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Emotional Health Should Be Required for Leaders

It’s one way to avoid toxic situations in your church

Because of a lifetime battling depression, Johanna's mom had difficulty coping with the challenges of raising a child. Spending hours in bed, she became detached from her daughter. The depression began a chain reaction in the family—Johanna's dad worked long hours so he didn't have to engage the painful situation at home. Consequently, Johanna grew up with parents who were emotionally unavailable for her.

With no encouragement and little interest from her parents in her day-to-day activities, Johanna felt invisible. Her self-worth plummeted and she began acting out, mostly for attention. Unable to verbalize her feelings to her family, classmates, or teachers, she began having angry outbursts in elementary school. The attention she received—though from negative behaviors—fed a hole in her soul, and she persisted in negative attention-seeking behaviors.

Finally in high school she found socially acceptable outlets for her emotions: drawing and writing. She found success and positive attention from the performing arts. If she received A's on her artistic assignments, she felt proud and felt she was worth something, but if she didn't hit her self-imposed mark of high A's, she felt defeated and worthless. Perfectionism had set into her soul.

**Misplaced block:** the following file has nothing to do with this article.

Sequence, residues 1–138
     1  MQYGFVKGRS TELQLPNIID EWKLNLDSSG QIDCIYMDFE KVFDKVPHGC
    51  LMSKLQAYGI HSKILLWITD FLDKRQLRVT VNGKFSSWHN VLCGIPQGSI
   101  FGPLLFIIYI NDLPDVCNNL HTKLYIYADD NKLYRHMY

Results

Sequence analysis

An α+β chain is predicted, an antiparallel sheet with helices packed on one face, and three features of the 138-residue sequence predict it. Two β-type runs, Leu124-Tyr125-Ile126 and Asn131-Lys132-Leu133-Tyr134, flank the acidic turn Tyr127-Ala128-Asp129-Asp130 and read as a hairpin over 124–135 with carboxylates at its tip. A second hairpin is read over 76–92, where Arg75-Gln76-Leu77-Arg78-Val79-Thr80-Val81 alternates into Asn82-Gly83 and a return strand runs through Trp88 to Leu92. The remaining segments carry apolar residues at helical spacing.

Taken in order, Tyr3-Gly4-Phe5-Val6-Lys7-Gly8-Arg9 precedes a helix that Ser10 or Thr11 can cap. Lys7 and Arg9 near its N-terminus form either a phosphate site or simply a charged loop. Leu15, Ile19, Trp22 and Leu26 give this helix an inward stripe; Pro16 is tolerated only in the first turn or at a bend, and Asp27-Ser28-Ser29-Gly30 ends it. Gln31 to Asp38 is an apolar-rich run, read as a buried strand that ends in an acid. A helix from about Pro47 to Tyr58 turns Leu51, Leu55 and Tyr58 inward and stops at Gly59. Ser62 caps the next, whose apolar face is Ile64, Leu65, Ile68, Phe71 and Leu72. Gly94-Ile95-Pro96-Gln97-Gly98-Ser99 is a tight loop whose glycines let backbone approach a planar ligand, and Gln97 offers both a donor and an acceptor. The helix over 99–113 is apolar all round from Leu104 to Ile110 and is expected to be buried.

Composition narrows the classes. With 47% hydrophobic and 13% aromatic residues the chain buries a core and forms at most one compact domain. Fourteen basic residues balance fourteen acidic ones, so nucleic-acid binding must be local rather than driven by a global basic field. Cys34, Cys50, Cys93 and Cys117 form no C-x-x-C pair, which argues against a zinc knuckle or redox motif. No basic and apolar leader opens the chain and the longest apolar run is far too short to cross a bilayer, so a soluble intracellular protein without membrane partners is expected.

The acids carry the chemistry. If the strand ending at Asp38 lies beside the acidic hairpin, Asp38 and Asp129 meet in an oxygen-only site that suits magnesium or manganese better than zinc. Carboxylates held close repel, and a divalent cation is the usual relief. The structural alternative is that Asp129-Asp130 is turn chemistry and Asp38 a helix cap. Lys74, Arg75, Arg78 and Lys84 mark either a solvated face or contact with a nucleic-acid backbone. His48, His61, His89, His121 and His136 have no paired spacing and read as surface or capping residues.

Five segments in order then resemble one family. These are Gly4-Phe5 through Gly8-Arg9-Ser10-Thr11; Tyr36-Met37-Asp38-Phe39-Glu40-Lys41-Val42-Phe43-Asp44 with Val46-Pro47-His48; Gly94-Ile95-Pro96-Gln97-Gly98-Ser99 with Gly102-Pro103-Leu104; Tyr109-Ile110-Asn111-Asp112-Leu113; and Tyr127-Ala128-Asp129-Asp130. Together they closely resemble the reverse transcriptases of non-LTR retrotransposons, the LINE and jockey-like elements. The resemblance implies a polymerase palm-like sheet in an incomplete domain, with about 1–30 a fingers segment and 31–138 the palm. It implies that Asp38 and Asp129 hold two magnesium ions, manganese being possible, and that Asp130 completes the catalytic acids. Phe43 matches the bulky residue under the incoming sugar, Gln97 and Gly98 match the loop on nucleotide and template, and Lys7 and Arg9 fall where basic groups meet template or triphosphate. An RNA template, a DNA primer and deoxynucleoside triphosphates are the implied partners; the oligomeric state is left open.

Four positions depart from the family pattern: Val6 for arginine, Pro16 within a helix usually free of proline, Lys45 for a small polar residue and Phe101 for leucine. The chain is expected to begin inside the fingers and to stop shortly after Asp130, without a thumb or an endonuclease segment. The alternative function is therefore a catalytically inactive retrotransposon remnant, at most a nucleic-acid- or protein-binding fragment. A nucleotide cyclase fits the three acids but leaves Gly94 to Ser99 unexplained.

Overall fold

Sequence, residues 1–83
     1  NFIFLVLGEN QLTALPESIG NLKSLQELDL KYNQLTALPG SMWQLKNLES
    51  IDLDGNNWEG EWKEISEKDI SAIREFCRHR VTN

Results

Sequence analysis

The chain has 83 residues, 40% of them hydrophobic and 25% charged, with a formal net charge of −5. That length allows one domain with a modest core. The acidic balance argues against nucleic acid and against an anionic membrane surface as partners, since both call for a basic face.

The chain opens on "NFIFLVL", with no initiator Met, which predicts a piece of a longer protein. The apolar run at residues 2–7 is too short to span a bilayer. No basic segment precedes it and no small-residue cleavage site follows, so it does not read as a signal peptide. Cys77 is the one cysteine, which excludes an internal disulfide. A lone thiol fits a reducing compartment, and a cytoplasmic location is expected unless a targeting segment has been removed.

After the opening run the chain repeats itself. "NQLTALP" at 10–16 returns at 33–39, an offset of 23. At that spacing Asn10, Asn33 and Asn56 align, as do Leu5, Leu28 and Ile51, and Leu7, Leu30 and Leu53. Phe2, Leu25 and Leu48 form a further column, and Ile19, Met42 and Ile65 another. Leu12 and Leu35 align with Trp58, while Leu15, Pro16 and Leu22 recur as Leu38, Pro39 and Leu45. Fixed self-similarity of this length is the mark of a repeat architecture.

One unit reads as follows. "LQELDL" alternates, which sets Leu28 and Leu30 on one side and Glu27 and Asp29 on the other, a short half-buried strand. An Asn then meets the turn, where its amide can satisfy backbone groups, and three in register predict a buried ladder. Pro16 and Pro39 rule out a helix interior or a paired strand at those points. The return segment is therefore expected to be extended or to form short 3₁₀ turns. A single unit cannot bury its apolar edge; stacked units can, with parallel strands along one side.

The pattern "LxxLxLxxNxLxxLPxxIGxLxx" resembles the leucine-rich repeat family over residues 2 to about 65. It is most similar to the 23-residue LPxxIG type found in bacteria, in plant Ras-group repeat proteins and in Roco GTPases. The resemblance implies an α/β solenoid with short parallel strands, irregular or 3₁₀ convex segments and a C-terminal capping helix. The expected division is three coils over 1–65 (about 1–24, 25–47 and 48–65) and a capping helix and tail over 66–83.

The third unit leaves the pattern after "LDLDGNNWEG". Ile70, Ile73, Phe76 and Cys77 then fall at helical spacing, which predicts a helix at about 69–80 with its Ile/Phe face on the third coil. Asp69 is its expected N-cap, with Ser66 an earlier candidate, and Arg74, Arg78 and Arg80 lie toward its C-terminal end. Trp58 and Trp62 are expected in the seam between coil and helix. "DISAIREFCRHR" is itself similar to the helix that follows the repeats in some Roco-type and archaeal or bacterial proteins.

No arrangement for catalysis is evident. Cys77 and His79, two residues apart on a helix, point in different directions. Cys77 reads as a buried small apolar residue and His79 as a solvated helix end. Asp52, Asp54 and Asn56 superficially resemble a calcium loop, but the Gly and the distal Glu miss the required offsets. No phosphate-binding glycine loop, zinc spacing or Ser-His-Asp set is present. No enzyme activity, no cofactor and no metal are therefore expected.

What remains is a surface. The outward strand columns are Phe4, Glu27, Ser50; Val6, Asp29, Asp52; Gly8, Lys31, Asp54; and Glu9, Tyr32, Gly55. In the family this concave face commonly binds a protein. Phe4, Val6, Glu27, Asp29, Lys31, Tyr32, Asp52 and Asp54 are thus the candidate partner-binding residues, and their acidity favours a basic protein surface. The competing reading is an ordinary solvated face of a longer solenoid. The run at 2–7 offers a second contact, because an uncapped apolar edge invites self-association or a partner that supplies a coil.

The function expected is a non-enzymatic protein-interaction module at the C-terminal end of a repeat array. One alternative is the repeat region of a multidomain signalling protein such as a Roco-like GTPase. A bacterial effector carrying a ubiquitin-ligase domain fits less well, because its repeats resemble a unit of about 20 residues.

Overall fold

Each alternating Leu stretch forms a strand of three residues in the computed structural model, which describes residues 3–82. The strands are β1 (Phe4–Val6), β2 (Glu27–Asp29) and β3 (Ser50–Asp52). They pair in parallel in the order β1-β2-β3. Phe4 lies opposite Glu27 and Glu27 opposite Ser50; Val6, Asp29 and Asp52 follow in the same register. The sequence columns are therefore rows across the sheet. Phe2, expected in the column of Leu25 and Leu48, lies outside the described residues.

Relationships were difficult for Johanna. After all, she had no role model for healthy relationships. The two people put into her life to teach her about healthy relationships didn't fulfill their God-given opportunity to develop their daughter's potential by intentionally loving and caring for her. She developed early maladaptive thought processes birthed out of rejection, detachment, and lack of predictable care from her parents. The maladaptive thought patterns resulted in mistrust of others, an absence of ability to listen and mutually share feelings and thoughts, a sense of defectiveness, perfectionism, an inability to develop healthy relationships, defensiveness, hypersensitivity to criticism, and performance-based behavior rooted in an unhealthy need to gain attention.

For friendships to work for Johanna, her friends had to serve her goals and become consumed with her; otherwise she didn't know how to function. Her lack of self-awareness kept her focused on herself. Asking others about themselves was not a social skill she learned or valued. She became consumed with achieving her goals, and her world did not hold room for others. When she reached adulthood, romantic relationships involving both physical and emotional intimacy were unsuccessful, resulting in two failed marriages. She chose emotionally distant men because she didn't know how to have emotionally healthy relationships. Johanna had become narcissistic and self-serving.

She found her way to Christ and had a significant conversion, finding the unconditional love she had always craved from her parents. She got plugged into a local church, and because of her ability to focus and execute goals she quickly rose to the position of women's ministry leader. In the limelight, she received the adulation from others that she had longed for since childhood. Unfortunately, the church leaders did not understand her history and her inability to have healthy relationships.